If you’re a woman and you’re going to wear makeup, etc., which your male counterparts do not, it’s your right, but don’t be surprised if you’re viewed and treated differently because you do. There’s a double standard, all right, and it’s wrong, but most women continue to do little or nothing to discourage it.

We just elected a black man President because most of us don’t care about the color of his skin – or what he, himself, described, as “Alfred E. Newman ears.” I don’t think he wears makeup, at least not in the ordinary course of business. I’m pretty sure that’s his own hair which he spends little or no time preparing, and the heels on his ordinary shoes are minimal. A similar day may come soon, I hope, for women when most of us have stopped considering their appearance as relevant, and focus instead upon their abilities and experience. It’s something they have to believe, too, and probably first, before the rest of us get the point. Personally, I can’t wait.

P.S. In case you’re wondering, it wasn’t that the Republicans spent all that money on Governor Palin’s wardrobe that bothered me so much, as it was that they thought she needed to look better, and that she was, at least tacitly, conceding the point by not opposing it. In retrospect, do his managers think that, if only they had spent more money on Senator McCain’s clothes, he might have won?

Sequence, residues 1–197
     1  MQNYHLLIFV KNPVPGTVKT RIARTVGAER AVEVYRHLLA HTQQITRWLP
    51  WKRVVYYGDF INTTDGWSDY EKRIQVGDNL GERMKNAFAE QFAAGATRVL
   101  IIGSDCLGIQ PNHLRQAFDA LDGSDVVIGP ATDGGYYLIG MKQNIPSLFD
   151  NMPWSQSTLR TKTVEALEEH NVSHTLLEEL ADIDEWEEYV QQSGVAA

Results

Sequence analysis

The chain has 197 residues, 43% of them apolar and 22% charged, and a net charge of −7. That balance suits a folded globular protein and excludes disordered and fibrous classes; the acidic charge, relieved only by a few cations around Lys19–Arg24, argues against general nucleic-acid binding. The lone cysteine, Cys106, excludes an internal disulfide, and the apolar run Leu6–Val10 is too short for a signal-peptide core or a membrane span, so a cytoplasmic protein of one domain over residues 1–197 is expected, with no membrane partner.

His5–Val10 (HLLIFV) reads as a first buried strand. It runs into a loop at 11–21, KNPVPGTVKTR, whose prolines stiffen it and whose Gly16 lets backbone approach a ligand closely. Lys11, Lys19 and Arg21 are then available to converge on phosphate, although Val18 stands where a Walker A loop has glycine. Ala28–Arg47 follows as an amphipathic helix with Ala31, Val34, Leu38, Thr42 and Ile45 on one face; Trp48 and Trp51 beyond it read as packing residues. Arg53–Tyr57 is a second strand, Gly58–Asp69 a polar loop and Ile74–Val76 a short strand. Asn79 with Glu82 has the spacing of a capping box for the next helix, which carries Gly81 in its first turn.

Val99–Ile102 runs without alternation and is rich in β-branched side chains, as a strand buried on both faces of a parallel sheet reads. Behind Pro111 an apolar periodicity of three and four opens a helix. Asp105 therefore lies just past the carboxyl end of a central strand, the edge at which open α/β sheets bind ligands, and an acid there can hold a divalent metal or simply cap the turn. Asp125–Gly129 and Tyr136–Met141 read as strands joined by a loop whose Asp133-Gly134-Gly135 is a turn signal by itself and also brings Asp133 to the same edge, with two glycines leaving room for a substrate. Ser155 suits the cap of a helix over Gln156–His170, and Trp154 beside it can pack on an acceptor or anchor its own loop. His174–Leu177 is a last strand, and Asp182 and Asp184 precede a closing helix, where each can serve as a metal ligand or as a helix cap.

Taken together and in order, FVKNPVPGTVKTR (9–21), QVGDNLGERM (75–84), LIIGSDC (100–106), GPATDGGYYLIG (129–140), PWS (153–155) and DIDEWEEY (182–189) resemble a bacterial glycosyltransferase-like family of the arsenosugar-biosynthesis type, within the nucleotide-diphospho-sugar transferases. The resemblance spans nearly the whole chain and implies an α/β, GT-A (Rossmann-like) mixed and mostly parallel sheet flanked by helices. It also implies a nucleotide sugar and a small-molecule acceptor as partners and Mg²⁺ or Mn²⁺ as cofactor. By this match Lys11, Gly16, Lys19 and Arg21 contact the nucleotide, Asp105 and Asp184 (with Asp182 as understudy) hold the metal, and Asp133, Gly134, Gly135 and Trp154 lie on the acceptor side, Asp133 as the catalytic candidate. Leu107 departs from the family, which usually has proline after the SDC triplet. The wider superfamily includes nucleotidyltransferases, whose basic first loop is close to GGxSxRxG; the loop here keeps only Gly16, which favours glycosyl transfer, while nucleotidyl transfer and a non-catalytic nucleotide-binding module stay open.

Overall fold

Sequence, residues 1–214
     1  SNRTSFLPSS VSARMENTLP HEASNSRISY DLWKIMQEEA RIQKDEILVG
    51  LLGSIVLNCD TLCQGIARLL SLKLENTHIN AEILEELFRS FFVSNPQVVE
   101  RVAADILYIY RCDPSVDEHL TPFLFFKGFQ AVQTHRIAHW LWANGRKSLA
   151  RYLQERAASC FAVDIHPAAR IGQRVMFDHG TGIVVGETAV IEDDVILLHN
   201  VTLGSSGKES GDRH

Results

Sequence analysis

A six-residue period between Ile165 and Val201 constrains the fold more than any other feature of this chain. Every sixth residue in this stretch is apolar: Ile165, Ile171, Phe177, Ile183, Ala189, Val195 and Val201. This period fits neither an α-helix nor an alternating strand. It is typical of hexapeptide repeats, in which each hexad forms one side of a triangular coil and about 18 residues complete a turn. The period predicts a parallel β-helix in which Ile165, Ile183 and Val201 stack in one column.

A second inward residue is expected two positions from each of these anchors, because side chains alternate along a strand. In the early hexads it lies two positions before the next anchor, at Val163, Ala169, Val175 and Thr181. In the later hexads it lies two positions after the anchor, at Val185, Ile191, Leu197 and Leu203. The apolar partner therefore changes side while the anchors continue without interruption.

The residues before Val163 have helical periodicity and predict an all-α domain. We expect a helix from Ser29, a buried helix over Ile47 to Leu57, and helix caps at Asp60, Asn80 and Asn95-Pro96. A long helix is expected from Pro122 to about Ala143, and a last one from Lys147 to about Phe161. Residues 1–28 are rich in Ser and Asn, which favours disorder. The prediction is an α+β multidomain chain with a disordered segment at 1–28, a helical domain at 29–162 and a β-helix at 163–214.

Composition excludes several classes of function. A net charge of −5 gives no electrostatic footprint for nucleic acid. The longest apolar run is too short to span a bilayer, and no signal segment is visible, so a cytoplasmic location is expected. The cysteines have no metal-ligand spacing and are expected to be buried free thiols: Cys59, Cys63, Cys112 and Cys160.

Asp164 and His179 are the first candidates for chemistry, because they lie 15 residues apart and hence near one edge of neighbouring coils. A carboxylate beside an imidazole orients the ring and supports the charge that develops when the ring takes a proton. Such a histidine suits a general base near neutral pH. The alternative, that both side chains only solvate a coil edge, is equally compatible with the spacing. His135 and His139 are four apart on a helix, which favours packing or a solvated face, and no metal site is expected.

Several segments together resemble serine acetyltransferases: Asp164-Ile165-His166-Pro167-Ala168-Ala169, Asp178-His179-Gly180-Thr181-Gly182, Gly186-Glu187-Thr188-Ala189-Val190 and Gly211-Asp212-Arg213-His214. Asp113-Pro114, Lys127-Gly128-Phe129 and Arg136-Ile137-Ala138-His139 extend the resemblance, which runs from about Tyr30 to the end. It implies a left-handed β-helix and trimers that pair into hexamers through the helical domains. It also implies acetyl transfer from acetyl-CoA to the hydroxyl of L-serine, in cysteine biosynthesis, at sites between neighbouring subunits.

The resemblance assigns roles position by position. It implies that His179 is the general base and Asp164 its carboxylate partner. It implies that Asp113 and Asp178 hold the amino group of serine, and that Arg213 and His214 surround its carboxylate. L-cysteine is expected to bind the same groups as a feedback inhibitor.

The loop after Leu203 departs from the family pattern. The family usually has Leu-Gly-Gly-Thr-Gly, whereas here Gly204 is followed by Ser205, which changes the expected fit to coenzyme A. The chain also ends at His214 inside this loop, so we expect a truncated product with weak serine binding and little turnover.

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2 responses to “The “Double Standard” Complaint of Sarah Palin

  1. The reason for Gov. Palin’s disproportionate attention was two-fold. One, she was a relative unknown on the national scene who immediately became the “star” of the Republican Party. Two, she is a dimwit. Her intellectual breadth is appallingly narrow and makes George W. Bush look a centrist scholar. In some of your earlier posts you had described your ideal politician as a CEO. If you had your own small business and poured through the resumes would the girl who went to six colleges get an interview? And if you did interview her, would her gross incompetence about the widgets you produce, the marketing of widgets, and the history of widgets turn you off? Her appeal is physical. She is attractive. And aside from the handful of folks who stand to the right of W. Bush and share her extremist views on abortion, the environment, etc., her new army of male supporters (I guess you included) have been seduced by our newest incarnation of a Greek Siren.